I was over the moon when I received the email, but after processing the whole concept a little more I realized something I had missed before:

God has blessed me from the beginning of my life with people who have believed in me and have encouraged me to create and to try. My fear of failure and consequent tendency towards paralysis was a coping mechanism that I used to try and cope with feeling like I was never good enough.

I am my own worst enemy.


This one goes out to all the self-proclaimed failures.

We didn’t meet their expectations.

Heck we didn’t meet our expectations.

Our dreams crashed and burned.

We are nowhere near where we said we would be at this point in time.

We are afraid to try because we are afraid to fail.

And so we sit and we spin and we go nowhere.

I believe in you!


One of the biggest lessons I learned from therapy, is that showing yourself grace is often one of the hardest but one of the most rewarding things you can ever do.

It turns out that you are incredible, and that when faced with failure or trials that seem insurmountable, you somehow find a way to adapt. 

But you can never adapt if you never fail and you can never fail if you never try.


“I’ve tried before… you don’t even know how many times… And all I’ve done is fail. Time after time after time”

After about mile 19 during the marathon, everything in my body screamed for me to stop. Muscles I did not know that I had literally spasmed in agony as each step felt like a jackhammer was ripping through my muscle and bone. Even as I was pathetically limping and walking alongside everyone else who was also limping along, the pain was almost overwhelming.

I remember that my thoughts went from, “I can make a decent time still” to “It’s okay if I walk, I can still finish” to “Oh God everything hurts, I don’t know if I can finish” to “I just need to put this foot in front of my other one”

Life has some seasons where we feel great and then there are the other seasons where it takes all of our efforts just to put one foot in front of the other.

Just keep moving!

Don’t give up! You can do this!

In the words of one of my favorite fictitious characters, “Life ain’t about how hard you can hit. It’s about how hard you can get hit, and keep moving forward. That’s how winning is done.”

Close your eyes.

Take a deep breath.

And.

Keep walking.

 

Best,

pH

 

 

Smoke and Mirrors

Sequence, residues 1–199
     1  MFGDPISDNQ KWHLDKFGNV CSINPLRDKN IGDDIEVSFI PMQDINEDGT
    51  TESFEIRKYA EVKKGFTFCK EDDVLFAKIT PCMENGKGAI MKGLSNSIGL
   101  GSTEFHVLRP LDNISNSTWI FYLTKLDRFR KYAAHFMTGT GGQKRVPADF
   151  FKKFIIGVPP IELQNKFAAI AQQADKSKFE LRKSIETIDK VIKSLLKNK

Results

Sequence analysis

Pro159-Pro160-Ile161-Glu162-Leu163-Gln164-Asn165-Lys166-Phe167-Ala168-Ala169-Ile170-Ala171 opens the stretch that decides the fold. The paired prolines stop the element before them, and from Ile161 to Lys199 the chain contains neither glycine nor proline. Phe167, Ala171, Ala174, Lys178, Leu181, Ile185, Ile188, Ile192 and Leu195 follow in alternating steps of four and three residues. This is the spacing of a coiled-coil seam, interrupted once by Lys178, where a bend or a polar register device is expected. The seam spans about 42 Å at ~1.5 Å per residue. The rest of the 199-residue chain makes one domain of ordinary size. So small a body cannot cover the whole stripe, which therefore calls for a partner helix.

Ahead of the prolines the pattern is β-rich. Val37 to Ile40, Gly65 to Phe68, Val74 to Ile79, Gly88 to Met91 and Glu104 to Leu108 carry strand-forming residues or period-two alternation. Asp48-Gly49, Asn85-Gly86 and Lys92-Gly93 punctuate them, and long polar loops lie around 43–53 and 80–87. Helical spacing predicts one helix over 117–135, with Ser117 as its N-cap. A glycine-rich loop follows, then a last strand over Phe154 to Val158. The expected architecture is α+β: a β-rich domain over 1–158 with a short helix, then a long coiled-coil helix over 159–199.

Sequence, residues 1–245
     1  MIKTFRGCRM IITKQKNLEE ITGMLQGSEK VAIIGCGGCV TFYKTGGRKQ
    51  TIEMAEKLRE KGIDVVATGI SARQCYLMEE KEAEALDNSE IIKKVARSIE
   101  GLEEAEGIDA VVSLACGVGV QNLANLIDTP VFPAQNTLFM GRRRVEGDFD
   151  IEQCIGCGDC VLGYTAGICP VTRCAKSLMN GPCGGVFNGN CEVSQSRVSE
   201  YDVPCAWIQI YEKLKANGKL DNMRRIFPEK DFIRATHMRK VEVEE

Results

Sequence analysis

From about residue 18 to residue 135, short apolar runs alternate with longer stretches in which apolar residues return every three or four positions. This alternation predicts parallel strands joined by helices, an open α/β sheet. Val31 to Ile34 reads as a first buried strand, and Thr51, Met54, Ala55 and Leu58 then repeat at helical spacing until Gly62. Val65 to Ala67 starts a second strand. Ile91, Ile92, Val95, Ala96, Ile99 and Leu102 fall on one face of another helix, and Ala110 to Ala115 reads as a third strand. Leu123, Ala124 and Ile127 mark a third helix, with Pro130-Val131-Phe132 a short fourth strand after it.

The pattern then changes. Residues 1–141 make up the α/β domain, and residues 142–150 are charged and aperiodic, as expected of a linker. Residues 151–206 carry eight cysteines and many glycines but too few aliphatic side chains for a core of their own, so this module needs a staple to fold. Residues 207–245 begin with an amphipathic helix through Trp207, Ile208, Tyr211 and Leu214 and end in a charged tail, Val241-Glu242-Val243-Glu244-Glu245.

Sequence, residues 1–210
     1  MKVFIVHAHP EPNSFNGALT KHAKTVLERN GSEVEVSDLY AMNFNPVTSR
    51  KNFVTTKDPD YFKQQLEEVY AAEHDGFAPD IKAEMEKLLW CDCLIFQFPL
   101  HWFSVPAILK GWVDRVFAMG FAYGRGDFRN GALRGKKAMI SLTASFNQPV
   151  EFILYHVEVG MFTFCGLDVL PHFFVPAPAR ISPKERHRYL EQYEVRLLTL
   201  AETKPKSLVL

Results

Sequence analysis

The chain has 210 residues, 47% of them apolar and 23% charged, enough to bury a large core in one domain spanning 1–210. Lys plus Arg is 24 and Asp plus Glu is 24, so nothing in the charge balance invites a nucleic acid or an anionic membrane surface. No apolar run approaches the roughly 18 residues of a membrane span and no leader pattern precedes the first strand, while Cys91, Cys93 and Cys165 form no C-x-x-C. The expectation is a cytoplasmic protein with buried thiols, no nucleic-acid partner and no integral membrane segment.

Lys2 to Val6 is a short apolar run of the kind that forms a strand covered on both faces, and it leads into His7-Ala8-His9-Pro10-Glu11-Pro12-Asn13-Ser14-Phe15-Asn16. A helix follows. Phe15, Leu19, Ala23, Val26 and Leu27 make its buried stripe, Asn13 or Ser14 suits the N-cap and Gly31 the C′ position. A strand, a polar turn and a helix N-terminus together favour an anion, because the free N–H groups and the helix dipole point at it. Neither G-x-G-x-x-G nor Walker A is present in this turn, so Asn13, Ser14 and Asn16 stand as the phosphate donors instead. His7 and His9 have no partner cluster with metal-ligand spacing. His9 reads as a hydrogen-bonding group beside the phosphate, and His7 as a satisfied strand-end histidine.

In a season, where Spotify: Year in Review playlists are on repeat, it seems only fitting to reflect upon the happenings of the past year. On the one hand, 2019 was all kinds of pain and frustration. Post-traveling depression, battles with addiction, the search for a more potent coping mechanism, a lack of identity and belonging, wounds at work, family dysfunctionality, and the departure of close friends. On the opposite end of the spectrum, 2019 was the best year of my life. Four different countries, breakthroughs in therapy sessions, getting in touch with my feelings, family reconciliation, bold career moves, a marathon, and the re-birth of my passion for film.

As a speaker this week said, “every year is a mixed bag.”

At the beginning of this month, I began brainstorming for a blog post that would reflect on both the pain and progress that this year brought for me.

Three days ago I got into a car accident that completely de-railed my plans to do so. After that, my schedule seemed to edge out any free time that I had to plan my blog.

Now, with less than twenty-two hours before the end of a decade, I sit and reflect on all that has happened.


In life, it is so easy to see how far we have to go without ever truly appreciating how far we’ve come.

Ten years ago, I was a high school junior studying for the SAT while clandestinely seeing my secret girlfriend that my parents forbid me from having. In the ten years from then to now I have: graduated from both high school and college, attended and left three different churches, transitioned from a Christian rap/ccm heavy music palette to a very eclectic lo-fi/pop/alternative mix of music, realized that God really does exist, participated in two of my closest friends’ weddings, left the church due to being fed up with the hypocrisy, struggled with anxiety and depression, worked as an: assistant to a real estate broker, a car finance funder, a tutor, a food service team member, a corporate grand opening trainer for chick-fil-a, a staff accountant, a security system sales rep, and a Operations/Food Safety/Facilities director, lead three different small groups, and so much more.

It has been a journey that has been filled with metaphorical hills and valleys. I’ve come face to face with the darkest desires and tendencies that I possess while also discovering what motivates me to wake up each day.

2019 was so different than so many years because well..

Instead of saving for tomorrow the ideas, trips, moves, and conversations that I thought of today, I decided to just do it.


Traveling to me, made no sense for the longest time. I did not understand why we who lived in one of the most affluent countries in the world, would ever want to leave our comfort to go and see other places. So, as fate or the Divine (depending on what you believe) would have it when Crystal asked me if I wanted to go to Turkey in the fall of 2018, I just happened to have been potentially the most burned out that I will ever be. I was working as a staff accountant in the mornings, working at chick-fil-a from 2-midnight, while also doing stints across the country opening new stores. Zero creative outlets, severe writer’s block, and a mind so screwed up by consequences to rash actions of the past pointed to a need for an escape.